A banned group in Bangladesh tied to al-Qaeda has claimed responsibility for the killing of a student who had openly professed his atheism.
Nazimuddin Samad, a 28-year-old law student, was hacked to death by three men riding on a single motorbike as he walked with a friend in central Dhaka on Wednesday night, Bangladeshi police said.
It was the latest incident in a series of targeted killings of secular activists and bloggers in the country.
According to SITE Intelligence monitoring group, Ansar al-Islam, the Bangladesh division of Al-Qaeda in the Indian Subcontinent, or AQIS, said in a statement posted online on Friday that its members carried out the attack in “vengeance”.
It said that Samad “abused” God, Prophet Muhammad and Islam.
It cited three examples from Samad’s Facebook page without giving the text of his posts.
“This operation was conducted to teach a lesson to the blasphemers of this land whose poisonous tongues are constantly abusing Allah, the religion of Islam and the Messenger under the pretext of so-called freedom of speech,” the statement said. It could not be verified independently.
Samad was an outspoken atheist in the Muslim-majority country and voiced support for a 2013 movement to demand capital punishment for war crimes involving the country’s independence war against Pakistan in 1971.
He had only recently arrived in Dhaka from the northeastern city of Sylhet to study law at Jagannath University.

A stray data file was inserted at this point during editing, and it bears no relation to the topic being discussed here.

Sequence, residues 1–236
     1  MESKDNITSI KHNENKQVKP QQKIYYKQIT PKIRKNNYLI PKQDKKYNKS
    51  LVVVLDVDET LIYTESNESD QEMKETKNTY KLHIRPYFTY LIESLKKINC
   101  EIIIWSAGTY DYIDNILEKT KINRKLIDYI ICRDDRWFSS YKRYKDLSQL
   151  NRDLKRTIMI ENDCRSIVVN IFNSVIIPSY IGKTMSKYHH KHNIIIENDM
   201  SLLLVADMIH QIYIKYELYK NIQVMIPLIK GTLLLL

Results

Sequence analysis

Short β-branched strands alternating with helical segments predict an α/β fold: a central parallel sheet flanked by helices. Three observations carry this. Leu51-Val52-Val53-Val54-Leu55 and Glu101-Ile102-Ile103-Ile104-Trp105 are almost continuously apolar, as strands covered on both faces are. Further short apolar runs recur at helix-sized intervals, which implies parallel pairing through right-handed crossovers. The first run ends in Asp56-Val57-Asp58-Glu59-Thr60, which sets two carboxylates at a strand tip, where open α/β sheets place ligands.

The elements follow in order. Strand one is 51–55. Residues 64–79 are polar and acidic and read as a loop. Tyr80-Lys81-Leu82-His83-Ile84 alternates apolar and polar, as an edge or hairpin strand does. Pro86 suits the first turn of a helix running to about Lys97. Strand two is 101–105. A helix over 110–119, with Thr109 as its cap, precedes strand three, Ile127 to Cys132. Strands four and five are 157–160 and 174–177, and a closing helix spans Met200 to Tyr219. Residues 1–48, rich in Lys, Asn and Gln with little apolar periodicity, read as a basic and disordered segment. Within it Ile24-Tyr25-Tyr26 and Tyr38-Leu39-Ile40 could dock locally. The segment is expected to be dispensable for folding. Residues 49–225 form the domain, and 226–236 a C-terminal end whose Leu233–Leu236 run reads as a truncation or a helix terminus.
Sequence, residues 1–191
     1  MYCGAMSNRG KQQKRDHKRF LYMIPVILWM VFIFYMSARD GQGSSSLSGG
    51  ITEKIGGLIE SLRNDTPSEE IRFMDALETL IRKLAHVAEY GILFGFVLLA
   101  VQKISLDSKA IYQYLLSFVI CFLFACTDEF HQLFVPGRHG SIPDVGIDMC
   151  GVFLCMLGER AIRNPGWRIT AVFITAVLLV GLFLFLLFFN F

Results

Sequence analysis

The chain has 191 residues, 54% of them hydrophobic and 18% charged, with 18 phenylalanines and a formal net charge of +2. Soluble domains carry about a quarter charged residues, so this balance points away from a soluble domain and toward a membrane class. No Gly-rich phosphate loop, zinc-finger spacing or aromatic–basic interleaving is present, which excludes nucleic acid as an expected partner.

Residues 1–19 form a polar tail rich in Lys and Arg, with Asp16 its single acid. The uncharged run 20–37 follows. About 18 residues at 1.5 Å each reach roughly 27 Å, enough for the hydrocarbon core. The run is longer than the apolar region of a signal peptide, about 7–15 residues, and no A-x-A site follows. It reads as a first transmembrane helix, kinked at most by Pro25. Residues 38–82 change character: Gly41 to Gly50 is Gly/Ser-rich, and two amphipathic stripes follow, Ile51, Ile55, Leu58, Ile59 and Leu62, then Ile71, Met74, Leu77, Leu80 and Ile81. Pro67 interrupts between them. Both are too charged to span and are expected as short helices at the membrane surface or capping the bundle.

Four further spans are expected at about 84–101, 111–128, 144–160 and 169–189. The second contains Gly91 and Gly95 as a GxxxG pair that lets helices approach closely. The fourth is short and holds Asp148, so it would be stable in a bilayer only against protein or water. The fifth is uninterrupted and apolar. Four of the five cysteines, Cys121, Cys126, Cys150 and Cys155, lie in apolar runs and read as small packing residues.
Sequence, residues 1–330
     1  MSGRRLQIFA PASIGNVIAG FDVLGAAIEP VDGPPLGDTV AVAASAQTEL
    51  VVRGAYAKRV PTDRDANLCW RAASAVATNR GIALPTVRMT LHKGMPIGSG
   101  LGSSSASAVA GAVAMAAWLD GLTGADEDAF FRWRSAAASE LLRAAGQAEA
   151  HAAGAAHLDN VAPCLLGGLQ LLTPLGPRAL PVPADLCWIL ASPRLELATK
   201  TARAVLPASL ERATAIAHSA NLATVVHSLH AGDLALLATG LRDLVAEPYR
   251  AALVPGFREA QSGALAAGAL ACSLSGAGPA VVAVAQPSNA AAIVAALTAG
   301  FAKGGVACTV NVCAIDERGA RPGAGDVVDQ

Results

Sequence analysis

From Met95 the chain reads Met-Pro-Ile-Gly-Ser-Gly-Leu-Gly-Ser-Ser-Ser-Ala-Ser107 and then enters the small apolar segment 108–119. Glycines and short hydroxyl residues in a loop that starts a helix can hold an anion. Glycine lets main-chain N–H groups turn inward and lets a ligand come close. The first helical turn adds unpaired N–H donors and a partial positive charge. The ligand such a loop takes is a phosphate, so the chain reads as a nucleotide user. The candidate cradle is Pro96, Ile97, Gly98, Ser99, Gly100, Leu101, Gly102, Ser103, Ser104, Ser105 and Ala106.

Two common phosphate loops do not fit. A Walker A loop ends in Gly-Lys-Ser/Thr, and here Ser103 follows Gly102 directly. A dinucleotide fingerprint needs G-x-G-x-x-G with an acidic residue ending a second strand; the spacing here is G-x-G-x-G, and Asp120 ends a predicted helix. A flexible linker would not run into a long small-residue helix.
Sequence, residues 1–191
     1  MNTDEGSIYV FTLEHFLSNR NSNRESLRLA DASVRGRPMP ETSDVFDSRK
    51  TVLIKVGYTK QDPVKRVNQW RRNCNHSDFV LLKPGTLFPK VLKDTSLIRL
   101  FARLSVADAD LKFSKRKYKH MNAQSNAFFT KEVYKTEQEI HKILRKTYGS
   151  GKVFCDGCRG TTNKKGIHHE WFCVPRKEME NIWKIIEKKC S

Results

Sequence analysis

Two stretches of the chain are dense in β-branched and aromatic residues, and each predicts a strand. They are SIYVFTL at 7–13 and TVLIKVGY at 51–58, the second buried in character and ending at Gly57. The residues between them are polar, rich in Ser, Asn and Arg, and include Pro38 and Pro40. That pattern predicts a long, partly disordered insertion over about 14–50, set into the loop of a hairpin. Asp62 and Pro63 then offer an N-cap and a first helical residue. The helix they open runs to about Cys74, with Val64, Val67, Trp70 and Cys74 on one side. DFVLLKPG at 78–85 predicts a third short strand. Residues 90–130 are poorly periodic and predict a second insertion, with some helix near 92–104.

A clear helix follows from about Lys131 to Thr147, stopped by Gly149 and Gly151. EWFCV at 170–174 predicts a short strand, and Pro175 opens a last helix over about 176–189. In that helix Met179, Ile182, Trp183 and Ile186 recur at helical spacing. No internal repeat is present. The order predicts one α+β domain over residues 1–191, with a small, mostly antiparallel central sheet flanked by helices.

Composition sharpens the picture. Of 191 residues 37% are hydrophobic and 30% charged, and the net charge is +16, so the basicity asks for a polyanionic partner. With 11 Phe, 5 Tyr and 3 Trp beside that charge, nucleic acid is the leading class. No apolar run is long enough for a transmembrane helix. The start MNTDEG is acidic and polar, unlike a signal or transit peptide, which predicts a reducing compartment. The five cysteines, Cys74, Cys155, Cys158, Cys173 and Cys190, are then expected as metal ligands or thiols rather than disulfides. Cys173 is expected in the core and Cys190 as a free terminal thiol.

Al Jazeera’s Tanvir Chowdhury, reporting from Dhaka, said Samad was the seventh secular activist who has been killed in recent times.
“The men on the motorbike first hit him with machetes. Then they shot him to make sure he was dead,” Chowdhury said.
Last year, assailants hacked to death at least four atheist bloggers and a secular publisher in a long-running series of killings of secular activists.
Police arrested members of a banned group called the Ansarullah Bangla Team over those murders, although none has yet been prosecuted.
Imran Sarker, who heads the Bangladesh Bloggers Association, an online secular activist group, said Samad had joined nationwide protests in 2013 against leaders accused of committing war crimes during the country’s war of independence.
“He was a secular online activist and a loud voice against any social injustice,” Sarkar said.
“He was against Islamic fundamentalism.”